1
The D
IALOG
project isacollaboration between the ComputerScience and Computational Linguistics departments of Universityof the Saarland as part of the Collaborative Research Center on
Resource-Adaptive Cognitive Processes
, SFB 378 (
http://www.coli.uni-sb.de/sfb378
).
were provided: highly formalized presentation consistingmainly of formulas vs. presentation in natural language.Our aim was to elicit the mixed-language style of informalproofs. The hypothesis was that the language style of thesubjects’ interaction with the simulated system will reﬂectthe style of presentation of the study-material. In the lastsection of this paper, we present a preliminary data analy-sis with respect to this question.Below, we present the setup of the corpus collectionexperiment, in particular, pointing out differences with re-spect to the previous study, the corpus itself, and the pre-liminary quantitative results of a comparative study of thedialogs obtained in the two conditions.
2. The corpus collection experiment
We invited thirty seven subjects to participate in the ex-periment. The subjects were Saarland University studentsof different educational backgrounds. A prerequisite forparticipation was that the candidate subjects had taken atleast one mathematics course at the university level. Thesubjects were informed that they were interacting with aconversational system with natural language capabilities.We provided the subjects with background reading ma-terial for the domain of binary relations (see Section 2.1.)and allowed a study time before starting the tutoring ses-sion. Next, we asked the subjects to prove four theoremsusing the system (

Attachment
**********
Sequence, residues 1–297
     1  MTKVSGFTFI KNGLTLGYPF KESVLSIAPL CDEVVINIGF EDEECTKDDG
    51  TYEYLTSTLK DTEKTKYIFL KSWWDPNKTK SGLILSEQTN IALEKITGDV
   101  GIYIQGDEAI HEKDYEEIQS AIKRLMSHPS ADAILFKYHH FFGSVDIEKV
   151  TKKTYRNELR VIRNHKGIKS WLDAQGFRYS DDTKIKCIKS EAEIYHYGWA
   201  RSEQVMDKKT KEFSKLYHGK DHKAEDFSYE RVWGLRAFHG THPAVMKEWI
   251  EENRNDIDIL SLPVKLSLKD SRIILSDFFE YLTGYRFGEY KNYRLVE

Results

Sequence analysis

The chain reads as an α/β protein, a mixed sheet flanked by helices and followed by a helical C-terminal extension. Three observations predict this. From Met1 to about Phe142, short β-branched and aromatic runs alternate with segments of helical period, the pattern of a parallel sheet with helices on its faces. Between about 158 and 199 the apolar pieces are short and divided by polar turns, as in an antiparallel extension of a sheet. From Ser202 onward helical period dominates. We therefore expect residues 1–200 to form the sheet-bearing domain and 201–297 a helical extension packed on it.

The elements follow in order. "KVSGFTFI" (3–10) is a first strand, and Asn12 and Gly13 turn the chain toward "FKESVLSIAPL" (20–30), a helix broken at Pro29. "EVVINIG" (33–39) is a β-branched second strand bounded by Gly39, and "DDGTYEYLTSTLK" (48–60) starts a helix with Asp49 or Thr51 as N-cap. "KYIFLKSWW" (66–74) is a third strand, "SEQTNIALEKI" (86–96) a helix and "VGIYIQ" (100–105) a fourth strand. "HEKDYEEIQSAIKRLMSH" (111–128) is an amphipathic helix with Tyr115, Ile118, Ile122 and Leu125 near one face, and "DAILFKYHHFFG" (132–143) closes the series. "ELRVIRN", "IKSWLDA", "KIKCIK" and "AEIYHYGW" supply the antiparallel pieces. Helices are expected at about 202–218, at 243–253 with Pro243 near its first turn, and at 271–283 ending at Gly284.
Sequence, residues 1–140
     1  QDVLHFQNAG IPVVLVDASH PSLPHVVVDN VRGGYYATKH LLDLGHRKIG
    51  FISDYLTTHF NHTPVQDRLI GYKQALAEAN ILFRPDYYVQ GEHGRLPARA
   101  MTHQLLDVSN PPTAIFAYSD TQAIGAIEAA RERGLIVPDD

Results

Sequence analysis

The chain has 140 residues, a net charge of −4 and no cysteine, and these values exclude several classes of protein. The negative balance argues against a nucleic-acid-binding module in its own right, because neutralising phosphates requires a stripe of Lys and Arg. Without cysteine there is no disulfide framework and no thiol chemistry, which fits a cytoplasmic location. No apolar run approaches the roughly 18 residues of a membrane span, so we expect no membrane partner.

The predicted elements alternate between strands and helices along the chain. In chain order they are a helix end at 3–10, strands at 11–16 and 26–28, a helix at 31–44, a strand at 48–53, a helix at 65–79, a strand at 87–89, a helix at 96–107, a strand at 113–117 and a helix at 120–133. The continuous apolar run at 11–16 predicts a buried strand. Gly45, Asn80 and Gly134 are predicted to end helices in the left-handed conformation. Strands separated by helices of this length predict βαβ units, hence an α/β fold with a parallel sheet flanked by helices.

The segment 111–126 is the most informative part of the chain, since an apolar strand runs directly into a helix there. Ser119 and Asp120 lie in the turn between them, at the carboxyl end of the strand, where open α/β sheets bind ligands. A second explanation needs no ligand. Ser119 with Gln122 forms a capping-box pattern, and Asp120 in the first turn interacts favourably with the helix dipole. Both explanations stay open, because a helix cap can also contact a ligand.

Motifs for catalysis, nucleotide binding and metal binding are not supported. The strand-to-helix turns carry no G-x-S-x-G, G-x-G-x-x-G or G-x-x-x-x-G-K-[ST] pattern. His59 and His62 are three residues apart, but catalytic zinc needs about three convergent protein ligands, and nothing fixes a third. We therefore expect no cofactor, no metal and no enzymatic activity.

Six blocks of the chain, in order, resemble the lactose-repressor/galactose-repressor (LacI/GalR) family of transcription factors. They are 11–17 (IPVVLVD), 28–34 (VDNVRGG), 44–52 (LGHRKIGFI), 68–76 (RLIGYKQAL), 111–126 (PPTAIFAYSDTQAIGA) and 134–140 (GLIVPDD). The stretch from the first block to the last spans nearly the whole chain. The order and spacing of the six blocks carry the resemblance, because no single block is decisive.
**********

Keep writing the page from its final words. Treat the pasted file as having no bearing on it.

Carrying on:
R
,
S
, and
T
are binary relations on a set
M
):
W.
(
R
◦
S
)
−
1
=
S
−
1
◦
R
−
1
A.
(
R
∪
S
)
◦
T
= (
R
◦
T
)
∪
(
S
◦
T
)
B.
(
R
∪
S
)
◦
T
= (
T
−
1
◦
S
−
1
)
−
1
∪
(
T
−
1
◦
R
−
1
)
−
1
C.
(
R
∪
S
)
◦
S
= (
S
◦
(
S
∪
S
)
−
1
)
−
1
E.
Assume
R
is asymmetric. If
R
is not empty (i.e.
R
=
∅
,then
R
=
R
−
1
)
Exercises
W.
,
A.
,
B.
, and
C.
2
build upon each other inthat once solved, they may be used in the subsequent exer-
2
Exercise
C.
is a theorem if
S
is a symmetric relation, but not
Sind
A,B
Mengen und gilt
∀
x
(
x
∈
A
⇒
x
∈
B
)
,
so heißt
A
eine
Teilmenge
von
B
. Man schreibtdaf¨ur
A
⊆
B
.Sind
A,B
Mengen und gilt daß jedes Element vonA auch Element von B ist, so heißt
A
eine
Teil-menge
von
B
. Man schreibt daf¨ur
A
⊆
B
.
If
A
and
B
are sets and
∀
x
(
x
∈
A
⇒
x
∈
B
)
holds,then
A
is called a subset of
B
. We write
A
⊆
B
. If
A
and
B
are sets and it is the case that every element of
A
is also an element of
B
, then
A
is called a subset of
B
. We write
A
⊆
B
.
Figure 1: Presentation of the Subset deﬁnition in the “formal” (left) and “verbose” (right) material.
Theorem
Sei
R
eine Relation in einer Menge
M
. Es gilt:
R
= (
R
−
1
)
−
1
Proof
Eine Relation ist deﬁniert als eine Menge von Paaren. Die obige Gleichheit ist demnach eine Gleichung zwis-chen zwei Mengen. Mengengleichungen kann man nach dem Prinzip der Extensionalitaet dadurch beweisen,dass man zeigt, das jedes Element der ersten Menge auch Element der zweiten Menge ist. Sei also